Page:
In this paper Alison Phipps will reflect on the fancy foot work involved in interdisciplinary research, teaching and in academic leadership across a range of disciplines and Faculties. She will consider the clashing discourses of Higher Education management and Higher Education research, the necessity of translation for different audiences, the place of event-based methodologies of teaching and research and the place of trust in a culture of audit. She will consider all of these aspects of her work in the context of questions of discipline, disciplinarity.

Othering: disciplines and post-colonialism

Shân Wareing, Dean of Learning and Teaching Development, University of the Arts London

Orientalism (Said, 1978) is the discourse by which cultural difference is ideologically created and understood. It describes and predicts the processes by which a dominant social group attributes positive qualities to its own members (for example, intelligence, creativity and logic) and projects negative qualities onto the members of minority groups perceived to be 'Other' (for example, irrationality, naivety and immaturity). Post-colonial theory builds on Said's work and has been used in feminist analysis of gender relationships (e.g. Lewis and Mills, 2003).

I draw on the theory of Orientalism to explore some of the dynamics of disciplinary relationships which may operate to the detriment of interdisciplinarity. I suggest a process to promote understanding of Other disciplines, while deepening our understanding of our own disciplines.

My argument has been developed from a case study at a research-led university, in which academics from a variety of disciplines conducted reviews of the literature in discipline-specific learning. Despite codified national requirements for academics to understand how students learn 'in their disciplines' (Higher Education Academy, 2006), there is very little empirical evidence of disciplinary differences in student learning. I suggest that the ideological discourse which reinforces the perception of disciplinary difference can in fact be understood as a manifestation of Orientalism.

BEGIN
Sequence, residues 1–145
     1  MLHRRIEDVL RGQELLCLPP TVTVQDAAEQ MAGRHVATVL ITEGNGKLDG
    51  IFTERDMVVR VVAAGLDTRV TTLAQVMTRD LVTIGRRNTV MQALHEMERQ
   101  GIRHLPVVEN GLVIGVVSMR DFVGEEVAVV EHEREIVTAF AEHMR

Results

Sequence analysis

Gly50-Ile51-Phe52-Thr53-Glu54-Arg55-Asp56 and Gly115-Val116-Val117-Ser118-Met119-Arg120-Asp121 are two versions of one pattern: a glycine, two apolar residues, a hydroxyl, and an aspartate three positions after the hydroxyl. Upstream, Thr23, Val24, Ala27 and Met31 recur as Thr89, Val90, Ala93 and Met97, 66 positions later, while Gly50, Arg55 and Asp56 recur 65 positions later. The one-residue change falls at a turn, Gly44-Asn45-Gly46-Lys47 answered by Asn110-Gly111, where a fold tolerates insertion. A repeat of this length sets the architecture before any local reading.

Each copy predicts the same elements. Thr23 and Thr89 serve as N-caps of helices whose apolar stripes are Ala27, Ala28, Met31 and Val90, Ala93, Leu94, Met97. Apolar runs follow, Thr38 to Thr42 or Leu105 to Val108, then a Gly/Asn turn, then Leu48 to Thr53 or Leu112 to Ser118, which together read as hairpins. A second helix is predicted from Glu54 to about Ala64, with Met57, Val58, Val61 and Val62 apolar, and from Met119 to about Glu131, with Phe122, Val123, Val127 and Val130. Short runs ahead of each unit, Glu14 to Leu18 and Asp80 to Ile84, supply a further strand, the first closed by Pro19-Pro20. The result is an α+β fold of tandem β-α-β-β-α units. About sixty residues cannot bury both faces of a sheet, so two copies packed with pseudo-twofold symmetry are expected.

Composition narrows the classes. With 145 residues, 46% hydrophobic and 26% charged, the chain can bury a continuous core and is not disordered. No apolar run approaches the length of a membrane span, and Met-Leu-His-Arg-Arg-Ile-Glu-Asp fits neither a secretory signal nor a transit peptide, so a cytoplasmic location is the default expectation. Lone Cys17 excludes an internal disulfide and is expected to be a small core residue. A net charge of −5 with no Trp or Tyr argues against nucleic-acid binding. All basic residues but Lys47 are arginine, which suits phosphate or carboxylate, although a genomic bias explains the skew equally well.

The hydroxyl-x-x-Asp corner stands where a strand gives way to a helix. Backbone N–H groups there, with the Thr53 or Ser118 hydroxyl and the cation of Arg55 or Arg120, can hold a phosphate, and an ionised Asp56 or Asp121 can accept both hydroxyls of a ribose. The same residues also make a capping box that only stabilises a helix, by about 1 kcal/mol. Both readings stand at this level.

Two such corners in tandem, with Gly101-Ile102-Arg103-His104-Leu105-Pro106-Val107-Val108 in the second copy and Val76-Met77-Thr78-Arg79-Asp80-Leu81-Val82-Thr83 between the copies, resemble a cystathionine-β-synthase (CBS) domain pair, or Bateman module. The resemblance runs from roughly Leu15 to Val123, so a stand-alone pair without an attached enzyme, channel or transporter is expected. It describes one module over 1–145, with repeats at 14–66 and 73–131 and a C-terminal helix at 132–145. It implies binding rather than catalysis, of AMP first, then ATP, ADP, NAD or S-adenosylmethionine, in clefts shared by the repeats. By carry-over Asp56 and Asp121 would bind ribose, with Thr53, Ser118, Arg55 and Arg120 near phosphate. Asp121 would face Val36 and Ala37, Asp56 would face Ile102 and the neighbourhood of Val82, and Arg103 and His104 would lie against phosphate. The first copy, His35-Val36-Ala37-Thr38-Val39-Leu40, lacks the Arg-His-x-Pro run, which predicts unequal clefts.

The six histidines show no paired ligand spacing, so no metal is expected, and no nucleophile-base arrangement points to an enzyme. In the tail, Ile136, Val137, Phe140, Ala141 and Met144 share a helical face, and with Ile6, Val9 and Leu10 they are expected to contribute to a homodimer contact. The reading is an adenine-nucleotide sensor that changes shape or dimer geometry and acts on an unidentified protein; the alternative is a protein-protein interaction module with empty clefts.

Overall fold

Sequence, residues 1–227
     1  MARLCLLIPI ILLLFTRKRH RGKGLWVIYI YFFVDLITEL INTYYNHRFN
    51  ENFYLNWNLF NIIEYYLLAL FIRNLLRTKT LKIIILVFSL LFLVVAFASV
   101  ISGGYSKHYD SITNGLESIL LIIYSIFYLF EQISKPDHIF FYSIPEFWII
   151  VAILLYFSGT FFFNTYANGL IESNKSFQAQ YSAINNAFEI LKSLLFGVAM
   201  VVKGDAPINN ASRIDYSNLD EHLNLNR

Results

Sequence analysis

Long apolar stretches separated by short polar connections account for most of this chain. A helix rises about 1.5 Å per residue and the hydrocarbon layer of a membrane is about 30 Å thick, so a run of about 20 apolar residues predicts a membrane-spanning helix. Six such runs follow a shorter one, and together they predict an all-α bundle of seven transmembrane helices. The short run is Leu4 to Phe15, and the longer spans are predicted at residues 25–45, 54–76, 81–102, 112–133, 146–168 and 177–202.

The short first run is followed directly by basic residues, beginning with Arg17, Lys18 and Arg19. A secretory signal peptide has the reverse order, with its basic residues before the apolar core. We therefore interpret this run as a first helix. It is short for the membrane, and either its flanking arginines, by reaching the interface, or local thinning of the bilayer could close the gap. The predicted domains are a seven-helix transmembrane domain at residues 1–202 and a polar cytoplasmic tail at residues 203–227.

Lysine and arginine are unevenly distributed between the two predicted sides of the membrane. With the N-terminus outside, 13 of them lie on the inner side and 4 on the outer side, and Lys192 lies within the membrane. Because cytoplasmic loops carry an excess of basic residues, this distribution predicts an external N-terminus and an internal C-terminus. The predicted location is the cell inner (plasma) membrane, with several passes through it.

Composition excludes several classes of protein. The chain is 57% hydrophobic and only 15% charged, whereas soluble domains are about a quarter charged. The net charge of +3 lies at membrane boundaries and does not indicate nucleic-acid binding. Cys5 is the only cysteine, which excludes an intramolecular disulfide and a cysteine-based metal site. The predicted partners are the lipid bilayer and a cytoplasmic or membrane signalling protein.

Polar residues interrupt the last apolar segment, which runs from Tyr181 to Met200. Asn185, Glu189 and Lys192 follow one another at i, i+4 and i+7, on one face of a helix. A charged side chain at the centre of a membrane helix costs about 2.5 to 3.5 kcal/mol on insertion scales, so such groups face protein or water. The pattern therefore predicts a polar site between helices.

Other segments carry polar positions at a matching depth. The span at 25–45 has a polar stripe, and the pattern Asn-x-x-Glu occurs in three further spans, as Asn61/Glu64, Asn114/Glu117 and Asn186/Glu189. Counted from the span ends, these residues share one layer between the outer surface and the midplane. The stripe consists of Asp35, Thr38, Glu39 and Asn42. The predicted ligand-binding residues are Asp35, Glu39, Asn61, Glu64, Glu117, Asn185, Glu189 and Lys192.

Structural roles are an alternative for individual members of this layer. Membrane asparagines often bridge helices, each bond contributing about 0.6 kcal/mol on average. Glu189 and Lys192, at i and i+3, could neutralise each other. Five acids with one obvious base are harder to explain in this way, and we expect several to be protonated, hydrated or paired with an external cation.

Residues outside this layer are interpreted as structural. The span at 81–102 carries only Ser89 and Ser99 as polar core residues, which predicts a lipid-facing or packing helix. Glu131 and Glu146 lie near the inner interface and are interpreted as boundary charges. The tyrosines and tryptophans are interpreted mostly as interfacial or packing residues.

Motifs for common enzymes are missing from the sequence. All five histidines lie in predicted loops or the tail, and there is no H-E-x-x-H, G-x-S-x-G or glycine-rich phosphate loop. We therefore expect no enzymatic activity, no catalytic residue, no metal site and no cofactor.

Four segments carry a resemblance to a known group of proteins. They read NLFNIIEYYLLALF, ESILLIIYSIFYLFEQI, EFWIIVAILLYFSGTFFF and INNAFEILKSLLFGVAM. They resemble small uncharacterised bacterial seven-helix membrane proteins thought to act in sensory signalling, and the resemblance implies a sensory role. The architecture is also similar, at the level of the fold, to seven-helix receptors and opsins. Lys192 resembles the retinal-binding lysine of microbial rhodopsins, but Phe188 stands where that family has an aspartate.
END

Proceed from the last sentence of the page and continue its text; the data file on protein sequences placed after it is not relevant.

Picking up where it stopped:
• Becher, T and Trowler, P. (2nd ed. 2001) Academic Tribes and Territories: intellectual enquiry and the culture of the disciplines Open University Press: Buckingham
  • Higher Education Academy (2006) The UK Professional Standards Framework for Teaching and Supporting Learning in Higher Education,
    accessed on 16th February 2007
  • Lewis, R. and Mills, S. (eds.) (2003) Feminism and Post-colonial Theory: a Reader Edinburgh University Press: Edinburgh
  • Said, E. (1978, 2003) Orientalism: Western Conceptions of the Orient Penguin: London

Supporting academics teaching on emerging and 'uncovered' courses: cognitive science as a case study.

Tom Simpson, Academic Coordinator, Psychology Network

This session will discuss a collaborative project undertaken by several Higher Education Academy Subject Centres to develop support for staff involved with teaching on Cognitive Science courses. This work was led by staff at the Psychology Network and the Subject Centre for Philosophical and Religious Studies, and was funded in part through the Academy's Interdisciplinary Teaching and Learning Group Project D funding.

'Holistic' institutions and sustainability: efforts to integrate interdisciplinarity alongside 'greening' and 'globalising' strategies

Colin Brooks, Director - Subject Centre for History, Classics and Archeology and Alex Ryan, freelance researcher

Two years into the UN Decade of Education for Sustainable Development, many UK universities are beginning to revise their strategic objectives, to bring into being various 'green' or 'think global, act local' agendas. Inter-disciplinary initiatives are a significant component of such revisions, aiming to join 'campus, curriculum and community' in configurations that will provoke fresh analysis of the issues at stake. Yet criticism is also leveled at institutions that are deemed to be using sustainability merely as a marketing tool, and without intellectually credible inter-disciplinary foundations. 'ESD', therefore, appears to provide a 'locus classicus' for some of the problems and opportunities of inter-disciplinarity.

In this session we will provide some observations from institution-level discussions we have organized as part of the HE Academy 'ESD' project. We will spend 10-15 minutes on the presentation and use the second part of the session to involve the audience in discussion relating to experiences within their own institutions. We would like to explore some of the ways that institutions generate inter-disciplinary innovations and connect them to existing and emergent strategic priorities, as well as the factors that can mean that a problem in one institution is a significant opportunity in another.